Parashat Vayelech Shabbat Shuva– Sept 11, 2021
By Rabbi Jim Rogozen
The reading of Parshat Vayelech on Shabbat Shuva, and a haftorah that comes from three different books of Neviim, are both rather rare events.
So, why this parsha, and this haftorah on this Shabbat? In one word: transitions. In Hebrew, a transition is a ma’avar, the plural: ma’ava’reem. Keep that tucked away for now.
One obvious transition is that on Shabbat Shuva, we are at the middle of the Aseret Yamei Tshuva, a 10 day period of Repentance and Judgment.
The Haftorah reinforces this theme of Tshuva, pointing out that moving away from God is actually expected, but God, we are reassured, waits for us to return, to transition or “pivot” in a new direction.
Finally, Parashat Vayelech is also about transitions- an imminent move into the Promised Land, and a change in leadership.
These transitions, like those we all experience, bring out mixed thoughts and emotions.
In this week’s short parsha, Moshe or God tell the people five times that Moshe’s term of office is up. While this may be a transition for the people, for Moshe… it’s the Final Transition.
If you look at the top layer, the peshat of the parsha, however, Moshe seems stoic or resigned: there is no emotion; no praying, no pleading for more time or a different outcome.
Sitting here on Shabbat Shuva, Moshe’s lack of response seems strange. So let me introduce you to Midrash Petirat Moshe, a medieval collection of imagined conversations, in which Moshe repeatedly asks for more time to live, and God repeatedly refuses. Here’s one encounter from the end of the collection:
Moshe says to God, “Master of the universe, shall these feet that went up to the heavens, this face that confronted the Shechina, these hands that received the Torah from Your hand–shall these now lick dust?”
God replies: “Such must be the way of the world: each generation is to have its own interpreters of Torah, its own leaders.”
So Moshe asks to spend his last remaining hours serving as Yehoshua’s disciple. When the People see Moshe at Yehoshua’s tent, they ask him to teach them Torah. But Moshe says, “I no longer have the authority.”
Playing off our reading today, when Moshe and Yehoshua later enter the Tent of Meeting, the pillar of cloud comes down and forms a partition between them. After the cloud departs, Moshe asks Yehoshua, “What did God say to you?” Yehoshua replies, “When God used to reveal Himself to you, did I know what He said to you?” In that instant, Moshe cries out in anguish and says, “Rather a hundred deaths than a single pang of envy. Master of universes, until now I sought life. But now my soul is surrendered to You.”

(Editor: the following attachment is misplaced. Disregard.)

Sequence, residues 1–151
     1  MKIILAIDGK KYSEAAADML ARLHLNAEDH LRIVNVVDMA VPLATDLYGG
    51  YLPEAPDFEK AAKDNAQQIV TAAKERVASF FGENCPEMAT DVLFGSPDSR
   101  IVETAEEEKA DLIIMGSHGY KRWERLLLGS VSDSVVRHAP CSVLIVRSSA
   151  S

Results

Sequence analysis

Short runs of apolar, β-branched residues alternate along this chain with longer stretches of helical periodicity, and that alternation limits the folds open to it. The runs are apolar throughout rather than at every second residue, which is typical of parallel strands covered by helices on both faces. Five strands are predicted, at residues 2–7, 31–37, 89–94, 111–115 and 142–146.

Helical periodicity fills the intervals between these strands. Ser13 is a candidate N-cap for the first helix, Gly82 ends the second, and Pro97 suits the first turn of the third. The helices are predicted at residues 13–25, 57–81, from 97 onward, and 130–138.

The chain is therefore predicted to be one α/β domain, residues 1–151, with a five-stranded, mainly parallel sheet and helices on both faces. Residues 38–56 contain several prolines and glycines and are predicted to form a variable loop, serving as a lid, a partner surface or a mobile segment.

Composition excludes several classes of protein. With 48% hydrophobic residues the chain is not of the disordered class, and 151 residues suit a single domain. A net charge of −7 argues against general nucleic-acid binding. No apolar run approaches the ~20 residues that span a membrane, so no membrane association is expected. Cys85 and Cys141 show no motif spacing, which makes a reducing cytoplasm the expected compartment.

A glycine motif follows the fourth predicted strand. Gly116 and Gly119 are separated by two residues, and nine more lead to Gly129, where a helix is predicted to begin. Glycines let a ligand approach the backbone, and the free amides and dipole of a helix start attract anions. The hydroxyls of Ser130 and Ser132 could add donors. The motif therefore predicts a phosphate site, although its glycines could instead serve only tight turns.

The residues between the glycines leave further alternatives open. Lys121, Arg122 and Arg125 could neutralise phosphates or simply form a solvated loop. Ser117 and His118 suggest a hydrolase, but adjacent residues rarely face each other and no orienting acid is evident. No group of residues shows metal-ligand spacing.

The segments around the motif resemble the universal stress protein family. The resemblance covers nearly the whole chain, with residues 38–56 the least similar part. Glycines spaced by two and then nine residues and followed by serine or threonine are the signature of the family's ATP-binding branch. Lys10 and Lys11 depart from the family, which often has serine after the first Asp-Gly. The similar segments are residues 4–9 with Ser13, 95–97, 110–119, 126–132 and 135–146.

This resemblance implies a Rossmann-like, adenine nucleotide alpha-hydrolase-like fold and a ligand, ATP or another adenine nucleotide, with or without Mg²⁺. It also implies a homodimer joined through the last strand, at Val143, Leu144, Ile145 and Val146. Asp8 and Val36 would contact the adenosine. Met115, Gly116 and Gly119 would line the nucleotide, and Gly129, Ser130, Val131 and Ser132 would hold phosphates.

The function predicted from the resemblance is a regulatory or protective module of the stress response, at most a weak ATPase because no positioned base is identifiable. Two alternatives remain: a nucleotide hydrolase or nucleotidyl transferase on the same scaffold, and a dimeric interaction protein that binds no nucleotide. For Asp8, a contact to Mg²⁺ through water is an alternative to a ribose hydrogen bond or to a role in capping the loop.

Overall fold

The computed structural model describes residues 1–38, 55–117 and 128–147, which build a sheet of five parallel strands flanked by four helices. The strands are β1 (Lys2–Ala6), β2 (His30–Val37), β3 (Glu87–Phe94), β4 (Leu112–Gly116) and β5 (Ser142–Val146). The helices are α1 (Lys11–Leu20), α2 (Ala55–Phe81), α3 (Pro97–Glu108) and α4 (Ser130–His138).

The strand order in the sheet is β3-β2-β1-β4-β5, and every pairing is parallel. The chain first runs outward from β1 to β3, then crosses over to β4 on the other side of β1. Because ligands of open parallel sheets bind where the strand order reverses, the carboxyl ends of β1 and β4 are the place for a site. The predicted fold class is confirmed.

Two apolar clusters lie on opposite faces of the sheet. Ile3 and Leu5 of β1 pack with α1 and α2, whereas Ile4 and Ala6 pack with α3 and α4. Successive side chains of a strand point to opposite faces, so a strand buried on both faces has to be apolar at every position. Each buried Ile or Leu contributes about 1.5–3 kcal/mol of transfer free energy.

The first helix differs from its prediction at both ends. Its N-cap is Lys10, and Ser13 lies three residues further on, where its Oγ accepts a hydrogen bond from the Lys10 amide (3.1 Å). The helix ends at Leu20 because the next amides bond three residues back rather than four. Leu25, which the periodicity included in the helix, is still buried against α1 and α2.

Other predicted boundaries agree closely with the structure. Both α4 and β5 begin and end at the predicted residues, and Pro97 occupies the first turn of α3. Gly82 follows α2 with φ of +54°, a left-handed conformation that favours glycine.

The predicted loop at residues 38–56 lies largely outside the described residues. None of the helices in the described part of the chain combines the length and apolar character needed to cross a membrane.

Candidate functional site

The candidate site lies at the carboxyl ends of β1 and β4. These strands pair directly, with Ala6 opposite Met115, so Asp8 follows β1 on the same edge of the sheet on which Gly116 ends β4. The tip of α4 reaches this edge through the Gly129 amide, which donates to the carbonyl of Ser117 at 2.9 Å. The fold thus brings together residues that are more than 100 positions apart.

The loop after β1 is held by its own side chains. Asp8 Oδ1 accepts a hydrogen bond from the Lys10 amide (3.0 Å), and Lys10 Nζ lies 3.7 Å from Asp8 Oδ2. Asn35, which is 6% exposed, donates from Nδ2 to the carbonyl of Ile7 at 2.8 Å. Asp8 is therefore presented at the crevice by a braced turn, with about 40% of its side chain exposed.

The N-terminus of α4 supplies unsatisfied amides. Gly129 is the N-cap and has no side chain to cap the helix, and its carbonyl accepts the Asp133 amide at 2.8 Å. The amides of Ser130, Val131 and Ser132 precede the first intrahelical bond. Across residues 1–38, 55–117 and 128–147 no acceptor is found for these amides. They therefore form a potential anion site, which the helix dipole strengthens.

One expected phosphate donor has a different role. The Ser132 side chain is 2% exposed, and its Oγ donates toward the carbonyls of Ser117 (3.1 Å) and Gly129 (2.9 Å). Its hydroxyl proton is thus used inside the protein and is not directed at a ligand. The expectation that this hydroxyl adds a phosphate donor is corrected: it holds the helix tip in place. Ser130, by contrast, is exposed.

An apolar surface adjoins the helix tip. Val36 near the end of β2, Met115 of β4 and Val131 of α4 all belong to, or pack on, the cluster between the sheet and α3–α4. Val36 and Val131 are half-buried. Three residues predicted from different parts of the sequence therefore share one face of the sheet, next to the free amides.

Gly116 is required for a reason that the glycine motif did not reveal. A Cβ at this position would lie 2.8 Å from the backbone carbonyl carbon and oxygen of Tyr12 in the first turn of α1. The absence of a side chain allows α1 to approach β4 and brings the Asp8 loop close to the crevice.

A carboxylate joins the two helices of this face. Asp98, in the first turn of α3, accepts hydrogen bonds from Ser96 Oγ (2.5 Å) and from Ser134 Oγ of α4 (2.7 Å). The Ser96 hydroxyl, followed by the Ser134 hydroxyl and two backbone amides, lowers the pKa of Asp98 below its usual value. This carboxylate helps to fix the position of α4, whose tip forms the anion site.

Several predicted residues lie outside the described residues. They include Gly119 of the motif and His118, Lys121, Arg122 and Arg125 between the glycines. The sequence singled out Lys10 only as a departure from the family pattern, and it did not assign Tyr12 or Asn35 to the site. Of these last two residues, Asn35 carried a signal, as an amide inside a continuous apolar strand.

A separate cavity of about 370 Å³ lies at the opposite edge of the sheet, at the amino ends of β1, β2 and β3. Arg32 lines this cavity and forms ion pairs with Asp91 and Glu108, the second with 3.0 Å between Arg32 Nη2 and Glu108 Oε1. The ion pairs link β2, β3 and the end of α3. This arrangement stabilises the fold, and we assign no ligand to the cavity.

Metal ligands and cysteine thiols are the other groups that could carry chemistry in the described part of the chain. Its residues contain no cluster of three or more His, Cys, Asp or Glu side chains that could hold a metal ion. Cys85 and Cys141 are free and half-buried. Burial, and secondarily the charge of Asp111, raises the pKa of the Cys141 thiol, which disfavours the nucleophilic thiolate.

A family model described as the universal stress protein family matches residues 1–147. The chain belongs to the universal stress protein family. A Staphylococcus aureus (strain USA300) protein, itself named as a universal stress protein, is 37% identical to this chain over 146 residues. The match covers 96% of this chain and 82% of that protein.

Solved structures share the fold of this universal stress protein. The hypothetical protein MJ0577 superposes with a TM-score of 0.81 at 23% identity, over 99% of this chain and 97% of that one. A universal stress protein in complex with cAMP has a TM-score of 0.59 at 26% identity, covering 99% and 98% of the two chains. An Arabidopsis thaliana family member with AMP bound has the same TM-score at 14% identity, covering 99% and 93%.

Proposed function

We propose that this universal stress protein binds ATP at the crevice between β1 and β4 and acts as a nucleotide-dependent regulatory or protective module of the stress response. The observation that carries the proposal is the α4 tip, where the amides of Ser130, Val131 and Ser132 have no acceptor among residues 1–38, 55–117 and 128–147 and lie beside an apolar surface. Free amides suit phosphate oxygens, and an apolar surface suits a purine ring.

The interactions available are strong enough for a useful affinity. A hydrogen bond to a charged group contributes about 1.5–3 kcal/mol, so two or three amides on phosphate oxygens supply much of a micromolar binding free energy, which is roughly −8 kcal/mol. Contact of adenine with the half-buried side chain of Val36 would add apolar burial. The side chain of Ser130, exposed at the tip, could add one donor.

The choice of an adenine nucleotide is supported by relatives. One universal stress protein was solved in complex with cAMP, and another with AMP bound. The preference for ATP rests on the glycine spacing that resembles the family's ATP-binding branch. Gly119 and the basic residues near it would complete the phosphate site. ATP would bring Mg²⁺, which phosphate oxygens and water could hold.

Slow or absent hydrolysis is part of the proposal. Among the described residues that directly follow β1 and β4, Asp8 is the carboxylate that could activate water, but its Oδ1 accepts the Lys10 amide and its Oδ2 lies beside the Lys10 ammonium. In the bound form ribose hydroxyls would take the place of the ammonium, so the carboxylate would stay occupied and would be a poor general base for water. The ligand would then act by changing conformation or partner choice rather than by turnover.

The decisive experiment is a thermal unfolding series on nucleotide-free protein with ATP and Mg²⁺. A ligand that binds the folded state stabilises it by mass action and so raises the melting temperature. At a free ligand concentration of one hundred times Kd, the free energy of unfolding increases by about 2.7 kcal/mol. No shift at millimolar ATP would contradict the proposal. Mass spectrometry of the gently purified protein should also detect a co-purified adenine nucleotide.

This Midrash imagines a more complex Moshe than we see in our parsha. Moshe of the Midrash wasn’t at all happy with God’s decision. He thought he deserved more time. But during the little bit of time he had left, Moshe saw that his new life was too hard to imagine, too hard to bear.
I think we can reconcile the two Moshe’s with the commentaries of Seforno, ibn Ezra, and a little Torah trope.
Our parsha begins with the words
וַיֵּ֖לֶךְ מֹשֶׁ֑ה וַיְדַבֵּ֛ר אֶת־הַדְּבָרִ֥ים הָאֵ֖לֶּה אֶל־כָּל־יִשְׂרָאֵֽל:
“Moshe went and spoke these words to all of the Israelites.”
The commentator Seforno translates “vayelech” as “hitor’er” – Moshe “woke up” or “came to truly understand” his situation….
And then, and only then…
ַ וַיְדַבֵּ֛ר אֶת־הַדְּבָרִ֥ים הָאֵ֖לֶּה
“He said these words.”
So Moshe came to terms with his new status, moved beyond whatever anger or resentments he had. He realized what he had to do, and then he went to talk to the people. Not just the people, but “kol Yisrael,” all the people.
The word וַיְדַבֵּ֛ר (va’yidaber) has that great Torah trope called a tevir….it elongates the word. The elongated word could indicate that Moshe did a lot of speaking. Also, the notes go down, then end higher. This might explain this next comment of Ibn Ezra:
הלך אל כל שבט ושבט להודיע שהוא מת שלא יפחדו
He didn’t just speak to the group as a whole, Kol Yisrael, but, according to ibn Ezra, Moshe went to each and every tribe to inform them that he was about to die… but they should not fear; God would be with them.
As hard as it was for him, Moshe must have realized that by first confronting his emotions, then going out, and connecting personally with the people, he could help them move forward, directing their energy towards the future. By the way, the name of this Torah trope, Tevir, means broken. Moshe, facing the end, started going downhill emotionally, but engaging with others helped him end on a high note.